Estate agency chief warns Help to Buy is ‘ticking time-bomb’

Trade body boss Nathan Emerson is warning the after-effects of the Help to Buy scheme could create a dangerous housing bubble.

nathan emerson

Propertymark has issued a warning to the government that it needs to take the the potential Help to Buy ‘time-bomb’ seriously.

The news comes as London lettings agent Benham & Reeves’ latest study revealed that the Government is now pocketing thousands of pounds more in interest from Help to Buy homeowners who have reached the end of their five-year interest free period.


The original Help to Buy scheme ran from 1st April 2013 to 31st May 2021, offering an equity loan of up to 20% on the purchase price of a new-build home of up to £600,000, climbing to a 40% loan for those buying in London.

But the 5-year interest free equity loan meant that the government had an entitlement to a share of the future sale proceeds equal to the contribution required to assist your purchase.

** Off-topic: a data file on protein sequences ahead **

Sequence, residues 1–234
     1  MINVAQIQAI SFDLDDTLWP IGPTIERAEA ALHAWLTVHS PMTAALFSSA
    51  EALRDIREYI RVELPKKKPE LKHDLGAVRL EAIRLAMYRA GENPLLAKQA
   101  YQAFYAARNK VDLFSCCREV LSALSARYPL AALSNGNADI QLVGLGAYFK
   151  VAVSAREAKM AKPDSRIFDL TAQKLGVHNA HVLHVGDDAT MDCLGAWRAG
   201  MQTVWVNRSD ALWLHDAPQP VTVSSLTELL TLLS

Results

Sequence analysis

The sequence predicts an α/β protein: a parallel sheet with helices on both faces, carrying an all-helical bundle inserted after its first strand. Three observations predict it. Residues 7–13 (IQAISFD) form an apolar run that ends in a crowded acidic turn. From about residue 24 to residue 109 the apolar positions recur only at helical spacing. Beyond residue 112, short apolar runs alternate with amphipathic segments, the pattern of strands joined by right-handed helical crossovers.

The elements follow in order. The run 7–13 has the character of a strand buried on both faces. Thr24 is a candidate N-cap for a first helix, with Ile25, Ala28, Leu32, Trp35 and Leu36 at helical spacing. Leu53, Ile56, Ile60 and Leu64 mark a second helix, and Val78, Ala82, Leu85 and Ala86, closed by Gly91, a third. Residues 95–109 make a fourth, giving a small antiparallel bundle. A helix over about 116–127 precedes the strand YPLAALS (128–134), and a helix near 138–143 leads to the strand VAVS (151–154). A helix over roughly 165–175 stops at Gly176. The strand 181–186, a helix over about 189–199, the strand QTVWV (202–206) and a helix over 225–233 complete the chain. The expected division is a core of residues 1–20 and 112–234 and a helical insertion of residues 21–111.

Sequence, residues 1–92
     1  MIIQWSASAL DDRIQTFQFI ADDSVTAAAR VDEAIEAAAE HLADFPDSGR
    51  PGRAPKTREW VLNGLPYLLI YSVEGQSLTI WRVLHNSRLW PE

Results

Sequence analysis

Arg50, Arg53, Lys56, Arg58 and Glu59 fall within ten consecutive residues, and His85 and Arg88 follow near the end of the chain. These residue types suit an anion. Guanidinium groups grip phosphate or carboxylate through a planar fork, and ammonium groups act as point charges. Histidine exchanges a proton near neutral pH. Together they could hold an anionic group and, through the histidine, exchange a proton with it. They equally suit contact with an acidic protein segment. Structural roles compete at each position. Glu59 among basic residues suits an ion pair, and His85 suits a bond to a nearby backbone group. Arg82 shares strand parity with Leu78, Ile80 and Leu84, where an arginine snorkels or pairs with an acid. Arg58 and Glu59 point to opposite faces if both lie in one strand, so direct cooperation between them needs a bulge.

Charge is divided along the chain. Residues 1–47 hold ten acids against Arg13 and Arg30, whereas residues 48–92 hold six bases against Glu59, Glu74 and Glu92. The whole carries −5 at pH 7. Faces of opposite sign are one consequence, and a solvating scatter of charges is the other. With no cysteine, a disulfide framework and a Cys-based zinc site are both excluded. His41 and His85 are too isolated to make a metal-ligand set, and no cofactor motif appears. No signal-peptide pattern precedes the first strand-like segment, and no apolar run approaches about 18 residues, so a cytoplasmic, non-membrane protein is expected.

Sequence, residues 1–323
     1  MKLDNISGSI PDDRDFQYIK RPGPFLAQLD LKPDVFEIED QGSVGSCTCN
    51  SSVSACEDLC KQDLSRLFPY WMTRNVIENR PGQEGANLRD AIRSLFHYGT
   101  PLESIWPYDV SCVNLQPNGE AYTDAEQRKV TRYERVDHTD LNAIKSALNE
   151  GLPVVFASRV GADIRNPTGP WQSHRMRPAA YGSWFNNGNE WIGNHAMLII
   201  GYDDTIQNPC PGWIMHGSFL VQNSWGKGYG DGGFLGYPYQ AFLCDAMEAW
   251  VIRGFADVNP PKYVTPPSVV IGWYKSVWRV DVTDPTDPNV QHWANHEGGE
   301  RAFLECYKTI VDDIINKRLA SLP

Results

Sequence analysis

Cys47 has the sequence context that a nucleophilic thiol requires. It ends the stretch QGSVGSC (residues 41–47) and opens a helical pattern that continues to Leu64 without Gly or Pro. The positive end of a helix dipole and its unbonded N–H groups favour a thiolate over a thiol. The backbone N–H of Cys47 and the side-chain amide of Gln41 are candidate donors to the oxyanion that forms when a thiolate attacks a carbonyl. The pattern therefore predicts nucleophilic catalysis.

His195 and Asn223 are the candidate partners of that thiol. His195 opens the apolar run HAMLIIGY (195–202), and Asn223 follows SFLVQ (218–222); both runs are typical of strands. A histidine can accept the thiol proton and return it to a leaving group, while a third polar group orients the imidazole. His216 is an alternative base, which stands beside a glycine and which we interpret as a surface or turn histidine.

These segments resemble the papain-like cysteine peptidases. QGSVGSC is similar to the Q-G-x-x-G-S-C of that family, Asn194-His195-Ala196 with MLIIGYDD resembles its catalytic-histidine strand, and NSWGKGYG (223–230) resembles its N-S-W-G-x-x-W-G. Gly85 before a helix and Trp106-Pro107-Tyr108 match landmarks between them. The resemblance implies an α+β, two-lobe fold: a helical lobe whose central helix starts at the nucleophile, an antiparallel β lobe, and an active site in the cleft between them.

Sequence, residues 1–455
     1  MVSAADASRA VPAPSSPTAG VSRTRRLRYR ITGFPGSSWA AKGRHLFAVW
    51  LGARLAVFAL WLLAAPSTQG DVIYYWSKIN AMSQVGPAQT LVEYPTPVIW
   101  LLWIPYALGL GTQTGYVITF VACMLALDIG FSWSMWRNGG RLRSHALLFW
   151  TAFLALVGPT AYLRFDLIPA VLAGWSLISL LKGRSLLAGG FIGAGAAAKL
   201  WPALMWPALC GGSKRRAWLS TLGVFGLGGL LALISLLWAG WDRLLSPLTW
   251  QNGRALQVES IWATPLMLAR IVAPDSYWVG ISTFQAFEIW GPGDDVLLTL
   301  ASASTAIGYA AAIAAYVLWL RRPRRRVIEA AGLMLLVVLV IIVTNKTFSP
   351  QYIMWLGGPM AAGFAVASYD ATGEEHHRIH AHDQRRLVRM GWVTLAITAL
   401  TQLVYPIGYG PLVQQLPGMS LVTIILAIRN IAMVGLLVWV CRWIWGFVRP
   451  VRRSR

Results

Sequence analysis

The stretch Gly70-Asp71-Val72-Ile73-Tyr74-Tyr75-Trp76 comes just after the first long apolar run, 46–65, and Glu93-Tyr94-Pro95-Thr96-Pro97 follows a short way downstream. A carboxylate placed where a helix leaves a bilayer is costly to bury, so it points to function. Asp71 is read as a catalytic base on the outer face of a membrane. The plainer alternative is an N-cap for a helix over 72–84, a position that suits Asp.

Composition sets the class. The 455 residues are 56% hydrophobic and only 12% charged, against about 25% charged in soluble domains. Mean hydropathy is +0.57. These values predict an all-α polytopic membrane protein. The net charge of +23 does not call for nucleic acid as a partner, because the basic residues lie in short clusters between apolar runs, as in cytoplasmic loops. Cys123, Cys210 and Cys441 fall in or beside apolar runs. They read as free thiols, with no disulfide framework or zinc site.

Propertymark’s Housing Insight Report also found that the number of first-time buyers has been on a continued rise since May this year. June 2023 saw a spike in sales to first-time buyers, reported at 35% compared to 25% the previous year.


New prospective buyers registered per member branch are also on the up with 81 reported in August 2023 from 64 in July 2023, demonstrating that the urge to purchase a first property or to make a move within the property chain remains strong.

Nathan Emerson (main picture), Propertymark Chief Executive, says: “In its initial stage, Help to Buy was a sound idea to help the younger generations in particular get onto the housing ladder in the midst of the 2008 financial crisis. However, it was never going to be the final solution to what then became a housing crisis in the UK.

The after-effects could create a dangerous housing bubble.”

“The Government needs to look beyond Help to Buy now as the after-effects of such a policy could create a dangerous housing bubble. They need to look at measures that increase housing supply and thereby reduce house prices across the UK.”

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